Hepatitis C (cont.)
In this Article
- Hepatitis C infection (HCV, hep C) facts
- What is hepatitis C infection?
- What are the symptoms of hepatitis C infection?
- How is hepatitis C spread, and is it contagious?
- What conditions beyond the liver are associated with hepatitis C infection?
- Who is at high risk and should be tested for hepatitis C infection?
- What is the usual progression of chronic hepatitis C infection?
- How is hepatitis C diagnosed?
- What is the treatment for hepatitis C infection?
- Newer drugs and therapeutic medications for hepatitis C
- Who should receive antiviral therapy for hepatitis C virus infection?
- Who should not receive treatment with antiviral therapy?
- How effective is hepatitis C treatment?
- What are the goals of therapy for hepatitis C infection?
- What are the side effects of treatment for hepatitis C infection?
- Hepatitis C and liver transplantation
- How is monitoring done before, during and after treatment?
- Can hepatitis C be prevented?
- What is the current research and what is in the future for hepatitis C?
- Hepatitis C FAQs
- Find a local Gastroenterologist in your town
Newer drugs and therapeutic medications for hepatitis C
Scientific advances have led to the development of new drugs for hepatitis C, which may be more effective and better tolerated than existing therapies. There are few newer therapeutic medications in the market, which are approved by FDA, and many others are in process of development.
Telaprevir (Incivek) and boceprevir (Victrelis) are therapeutic drugs used in addition to interferon and ribavirin. These combinations are commonly known as triple therapy (comprising of three medications- interferon, ribavirin and a new agent). Telaprevir (Incivek) was withdrawn from the market in 2014 by the manufacturer due to availability of better drugs.
Sofosbuvir (Sovaldi) and simeprevir (Olysio) are oral therapeutic drugs, which were approved by the FDA in 2013. These drugs can be used in combination with ribavirin and interferon, but with simeprevir it is possible to eliminate the interferon. The effectiveness of treatment with these combinations of medications is extremely high (greater than 90%), and it now an all oral treatment is available.
Some of these new medications are also are known as direct acting antivirals (DAA) because they:
- Directly attack and help kill the hepatitis C virus in the body
- Are highly effective with a rate of sustained responses of >90%.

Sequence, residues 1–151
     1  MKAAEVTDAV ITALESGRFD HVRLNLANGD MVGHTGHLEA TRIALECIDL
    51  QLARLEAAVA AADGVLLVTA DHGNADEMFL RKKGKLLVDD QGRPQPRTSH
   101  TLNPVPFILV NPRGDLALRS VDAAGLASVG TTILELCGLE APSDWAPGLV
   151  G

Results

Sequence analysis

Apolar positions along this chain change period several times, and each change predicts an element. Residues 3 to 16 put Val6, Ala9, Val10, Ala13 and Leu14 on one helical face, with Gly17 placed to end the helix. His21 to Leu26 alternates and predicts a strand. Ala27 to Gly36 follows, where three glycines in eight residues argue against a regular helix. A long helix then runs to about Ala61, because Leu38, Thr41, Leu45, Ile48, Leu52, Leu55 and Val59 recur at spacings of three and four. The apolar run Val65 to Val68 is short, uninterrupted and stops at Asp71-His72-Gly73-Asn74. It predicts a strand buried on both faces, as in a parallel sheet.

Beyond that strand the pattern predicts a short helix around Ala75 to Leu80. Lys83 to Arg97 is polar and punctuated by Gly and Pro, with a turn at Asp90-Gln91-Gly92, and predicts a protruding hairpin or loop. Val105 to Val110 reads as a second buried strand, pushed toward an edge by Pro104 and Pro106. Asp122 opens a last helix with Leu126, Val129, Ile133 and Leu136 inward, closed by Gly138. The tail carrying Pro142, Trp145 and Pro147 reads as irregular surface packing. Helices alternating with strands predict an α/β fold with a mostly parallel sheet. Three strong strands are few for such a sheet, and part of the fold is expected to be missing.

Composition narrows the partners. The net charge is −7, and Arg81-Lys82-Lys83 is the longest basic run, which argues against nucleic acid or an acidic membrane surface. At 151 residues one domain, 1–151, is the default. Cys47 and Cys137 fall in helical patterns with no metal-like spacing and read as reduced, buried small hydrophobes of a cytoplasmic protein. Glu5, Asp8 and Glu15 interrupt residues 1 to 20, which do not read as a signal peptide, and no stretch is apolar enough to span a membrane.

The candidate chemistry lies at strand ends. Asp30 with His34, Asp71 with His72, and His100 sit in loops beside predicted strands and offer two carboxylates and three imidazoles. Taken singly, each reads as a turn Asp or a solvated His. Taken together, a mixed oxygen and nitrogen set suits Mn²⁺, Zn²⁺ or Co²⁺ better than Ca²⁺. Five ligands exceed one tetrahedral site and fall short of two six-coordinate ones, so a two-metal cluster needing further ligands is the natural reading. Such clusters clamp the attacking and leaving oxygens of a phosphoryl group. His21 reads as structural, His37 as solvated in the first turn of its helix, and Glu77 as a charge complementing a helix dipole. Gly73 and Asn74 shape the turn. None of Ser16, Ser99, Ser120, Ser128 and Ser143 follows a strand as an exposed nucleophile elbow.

- Are taken as all oral regimens i.e. pill only form
Ledipasvir and sofosbuvir (Harvoni), a combination pill that is taken as a pill once a day is the latest addition to the list of direct acting antivirals approved in 2014. With this therapy, the effectiveness is even greater with a rate of sustained responses of 94%-99% with fewer side effects. Duration of therapy also is reduced to 12 weeks (instead of the traditional 48 weeks with interferon and ribavirin).
Learn more about: Harvoni
Ombitasvir, paritaprevir and ritonavir co-packaged with dasabuvir tablets (Viekira Pak), another combination of oral direct acting antivirals was approved by the FDA December 2014. The sustained response rate of this combination was 91%-100%. As these medications are very new, data is still limited, and more data is expected to be available in the near future.
Many other medications are under investigation but are not approved yet. The latest treatment guidelines by American Association for the Study of Liver Disease (AASLD) and Infectious Disease Society of America (IDSA) recommends use of these newer medications (direct acting antivirals) as the primary treatment for hepatitis C infection and no longer recommend treatment with pegylated interferon and ribavirin. The choice of direct acting antiviral varies by specific virus genotype and the presence or absence of cirrhosis. In the U.S., specific insurance providers also might influence the choice due to the high cost of direct acting antivirals. Patients are encouraged to discuss these options with their physician on an individual basis.
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